The more interesting question to address is: why is it dark by default? The logic is as follows:

The last thing I’ll mention here is: color is where I indulged the logical, mathematical beauty I’m usually unable to on a customer-facing project. The three greys have a luminance of 88%, 44%, 22%, respectively, echoing the logarithmic nature of the human vision.

Grid: text spans up to 600 px, images vary by aspect ratio

The grid system for this site is simple: text flows until the max line length (600 px), top to bottom; images and videos are allowed to span beyond the measure. On some occasions, I use a 2-column layout on text (such as the index page) or images (such as photoessays).

The max line length was derived like this:

For images, the goal was to display portrait and landscape ones at the same size, only rotated; they should also look harmonious with text. After a ton of experiments, I determined the following dimensions:

IA & navigation: always just one tap away from home

I took a minimal approach to my site’s navigational structure: as flat as possible. Rather than coming up with arbitrary groupings, landing pages, and an intricate menu system to access them, I decided to lay it all out on my index page. Bonus effect: browsers will automatically treat “index.html” as the homepage.

The links to content pages find their way into one of these categories:

This flat structure also brings another benefit: you are always just one tap away from home. It allowed me to distill the header and footer on content pages to their purest form: the “header” is just a back button; the footer has my logotype (which also acts as a back button, so you don’t need to scroll back up) on the left and static text on the right.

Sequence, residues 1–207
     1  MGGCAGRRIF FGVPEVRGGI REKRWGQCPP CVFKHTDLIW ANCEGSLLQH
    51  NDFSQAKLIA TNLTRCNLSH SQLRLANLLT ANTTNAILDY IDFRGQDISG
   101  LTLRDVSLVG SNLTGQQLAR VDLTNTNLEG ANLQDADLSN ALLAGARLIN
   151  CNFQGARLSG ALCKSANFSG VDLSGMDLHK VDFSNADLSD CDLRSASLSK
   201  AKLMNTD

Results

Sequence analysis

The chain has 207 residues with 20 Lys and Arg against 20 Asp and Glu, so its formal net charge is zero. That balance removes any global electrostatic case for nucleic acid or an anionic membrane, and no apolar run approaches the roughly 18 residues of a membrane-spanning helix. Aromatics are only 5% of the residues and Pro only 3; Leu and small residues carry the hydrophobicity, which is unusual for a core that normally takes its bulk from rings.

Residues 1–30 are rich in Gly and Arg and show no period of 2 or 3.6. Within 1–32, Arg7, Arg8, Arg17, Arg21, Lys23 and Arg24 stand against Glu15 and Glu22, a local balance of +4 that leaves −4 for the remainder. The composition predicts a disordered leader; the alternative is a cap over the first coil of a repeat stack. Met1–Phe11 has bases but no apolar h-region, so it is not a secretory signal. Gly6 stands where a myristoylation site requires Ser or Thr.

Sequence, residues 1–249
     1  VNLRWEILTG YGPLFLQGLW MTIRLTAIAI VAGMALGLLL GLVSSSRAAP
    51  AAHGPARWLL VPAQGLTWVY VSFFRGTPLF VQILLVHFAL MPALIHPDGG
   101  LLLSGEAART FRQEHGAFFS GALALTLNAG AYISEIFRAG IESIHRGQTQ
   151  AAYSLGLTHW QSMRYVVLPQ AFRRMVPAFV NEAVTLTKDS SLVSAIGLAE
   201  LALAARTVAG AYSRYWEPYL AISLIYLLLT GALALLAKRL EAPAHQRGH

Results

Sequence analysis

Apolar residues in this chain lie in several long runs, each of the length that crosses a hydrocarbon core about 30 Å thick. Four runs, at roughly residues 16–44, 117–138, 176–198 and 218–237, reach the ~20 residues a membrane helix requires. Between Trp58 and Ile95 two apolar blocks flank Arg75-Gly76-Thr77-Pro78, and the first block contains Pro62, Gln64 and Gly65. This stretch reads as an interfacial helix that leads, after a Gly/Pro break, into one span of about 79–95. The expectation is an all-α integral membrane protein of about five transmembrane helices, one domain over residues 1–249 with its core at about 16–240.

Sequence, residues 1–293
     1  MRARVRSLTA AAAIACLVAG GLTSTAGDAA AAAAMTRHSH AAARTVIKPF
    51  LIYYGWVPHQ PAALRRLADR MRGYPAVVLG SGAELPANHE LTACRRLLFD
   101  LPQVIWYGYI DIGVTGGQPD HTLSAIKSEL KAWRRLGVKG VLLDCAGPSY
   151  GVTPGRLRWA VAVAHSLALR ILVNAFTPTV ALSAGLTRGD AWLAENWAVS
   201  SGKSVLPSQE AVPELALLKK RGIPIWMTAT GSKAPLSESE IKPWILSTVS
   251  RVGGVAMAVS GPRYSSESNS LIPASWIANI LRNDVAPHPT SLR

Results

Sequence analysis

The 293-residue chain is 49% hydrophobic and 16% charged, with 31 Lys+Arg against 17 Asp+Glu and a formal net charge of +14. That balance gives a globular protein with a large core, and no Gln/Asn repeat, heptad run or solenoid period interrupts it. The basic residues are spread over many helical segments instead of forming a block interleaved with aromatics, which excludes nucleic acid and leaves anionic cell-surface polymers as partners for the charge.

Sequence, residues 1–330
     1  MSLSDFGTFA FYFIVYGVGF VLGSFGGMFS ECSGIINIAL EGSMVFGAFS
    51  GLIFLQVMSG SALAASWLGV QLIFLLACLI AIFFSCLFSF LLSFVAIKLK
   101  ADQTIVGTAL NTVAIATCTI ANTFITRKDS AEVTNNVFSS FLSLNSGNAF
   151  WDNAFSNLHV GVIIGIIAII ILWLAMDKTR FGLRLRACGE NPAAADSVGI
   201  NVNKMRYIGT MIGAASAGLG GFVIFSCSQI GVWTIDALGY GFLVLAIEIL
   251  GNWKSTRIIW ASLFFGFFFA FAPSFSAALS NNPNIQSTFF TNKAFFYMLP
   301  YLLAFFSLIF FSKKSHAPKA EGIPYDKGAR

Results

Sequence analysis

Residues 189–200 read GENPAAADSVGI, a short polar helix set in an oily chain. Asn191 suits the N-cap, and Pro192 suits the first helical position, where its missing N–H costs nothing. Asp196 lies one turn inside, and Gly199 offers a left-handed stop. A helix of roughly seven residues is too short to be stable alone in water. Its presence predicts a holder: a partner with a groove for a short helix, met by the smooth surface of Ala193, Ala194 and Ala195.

Header & footer on the index page.
Header & footer on content pages.

Logotype & favicon: understated fun

Perhaps the only “personality” I added to my otherwise neutral and sterile personal site was the logotype & favicon design, although they came more by inspiration than aspiration.

The logotype idea came after failing to make the name work in a single line no matter how hard I tried. “What if we stacked them?” — hmm, interesting. “How about all lowercase?” — nope, doesn’t work. “What if we aligned them by the shared letter a?” — now we’re getting somewhere.

The favicon was an example of “limitation galvanizes imagination”: at 16×16 px size, no details in the logotype were discernable. So I kept reducing the mark until there’s only one letter left: a (times three).

Alternatives considered

Typeface: sans & serif alternatives.
Line height & line length: an analysis.
Type scale: exploration on an algorithmic scale.
Hierarchy: testing with filler content.
Grid: media & responsiveness.
Breakpoints: research on device sizes.
Color: switching to dark theme.
IA & navigation: alternative index page design.
Content pages: playing with layout & grid.